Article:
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Are Financial Crises Becoming Increasingly More Contagious? What is the Historical Evidence on Contagion?

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  • Michael D. Bordo
  • Antu P. Murshid

Abstract

We examine the evidence of contagion during the pre World War I era and the interwar and contrast our findings with the evidence of contagion from the recent crises in Asia and Latin America. Using weekly data on bond prices and interest rates, we investigate the extent to which bilateral cross-market correlations rise following the onset of a crisis. After correcting for heteroscedasticity, ala Forbes and Rigobon (1998, 1999), we find little evidence of significant increases in cross-market correlations in either the earlier regimes or in the more recent period. We use principle components analysis to assess the extent of comovement across all markets as well as within various groups of markets, prior to, and after the onset of a crisis. Countries are grouped into regions, as well as along the lines of advanced and emerging. There is little evidence to suggest that cross-country linkages are tighter in the aftermath of a financial crisis for the recent period. There is, however, some evidence of stronger comovement during periods of instability in earlier regimes.

Suggested Citation

  • Michael D. Bordo & Antu P. Murshid, 2000. "Are Financial Crises Becoming Increasingly More Contagious? What is the Historical Evidence on Contagion?," NBER Working Papers 7900, National Bureau of Economic Research, Inc.
  • Handle: RePEc:nbr:nberwo:7900 Note: DAE IFM ME
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    References listed on IDEAS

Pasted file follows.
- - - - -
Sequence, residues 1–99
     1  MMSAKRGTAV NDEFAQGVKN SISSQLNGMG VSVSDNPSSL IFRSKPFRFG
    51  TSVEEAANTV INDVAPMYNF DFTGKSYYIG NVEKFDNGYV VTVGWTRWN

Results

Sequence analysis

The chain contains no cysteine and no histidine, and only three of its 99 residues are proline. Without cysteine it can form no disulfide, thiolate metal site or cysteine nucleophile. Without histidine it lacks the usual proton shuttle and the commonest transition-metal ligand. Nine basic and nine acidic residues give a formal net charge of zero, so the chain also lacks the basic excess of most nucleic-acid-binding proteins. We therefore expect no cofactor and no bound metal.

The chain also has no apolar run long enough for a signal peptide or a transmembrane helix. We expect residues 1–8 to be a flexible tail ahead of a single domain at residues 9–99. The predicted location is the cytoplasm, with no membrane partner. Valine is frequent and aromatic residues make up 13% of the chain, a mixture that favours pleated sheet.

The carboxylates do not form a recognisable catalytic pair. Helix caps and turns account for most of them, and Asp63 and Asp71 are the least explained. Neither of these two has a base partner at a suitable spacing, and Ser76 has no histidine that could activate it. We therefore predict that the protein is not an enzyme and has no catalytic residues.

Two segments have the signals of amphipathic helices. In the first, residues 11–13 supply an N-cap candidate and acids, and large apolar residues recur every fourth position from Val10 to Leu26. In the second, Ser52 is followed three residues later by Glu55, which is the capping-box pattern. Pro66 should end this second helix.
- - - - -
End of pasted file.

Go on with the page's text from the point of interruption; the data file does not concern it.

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    1. Taimur Baig & Ilan Goldfajn, 1999. "Financial Market Contagion in the Asian Crisis," IMF Staff Papers, Palgrave Macmillan, vol. 46(2), pages 1-3.
    2. Barry Eichengreen & Douglas A. Irwin, 1998. "The Role of History in Bilateral Trade Flows," NBER Chapters,in: The Regionalization of the World Economy, pages 33-62 National Bureau of Economic Research, Inc.
    3. Roberto Rigobon, 1999. "On the Measurement of the International Propagation of Shocks," NBER Working Papers 7354, National Bureau of Economic Research, Inc.
    4. Oskar Morgenstern, 1959. "International Financial Transactions and Business Cycles," NBER Books, National Bureau of Economic Research, Inc, number morg59-1, January.
    5. Michael D. Bordo & David C. Wheelock, 1998. "Price stability and financial stability: the historical record," Review, Federal Reserve Bank of St. Louis, issue Sep, pages 41-62.
    6. Michael Bordo & Barry Eichengreen, 1999. "Is our Current International Economic Environment Unusually Crisis Prone?," RBA Annual Conference Volume,in: David Gruen & Luke Gower (ed.), Capital Flows and the International Financial System Reserve Bank of Australia.
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    More about this item

    JEL classification:

    • G15 - Financial Economics - - General Financial Markets - - - International Financial Markets
    • N20 - Economic History - - Financial Markets and Institutions - - - General, International, or Comparative

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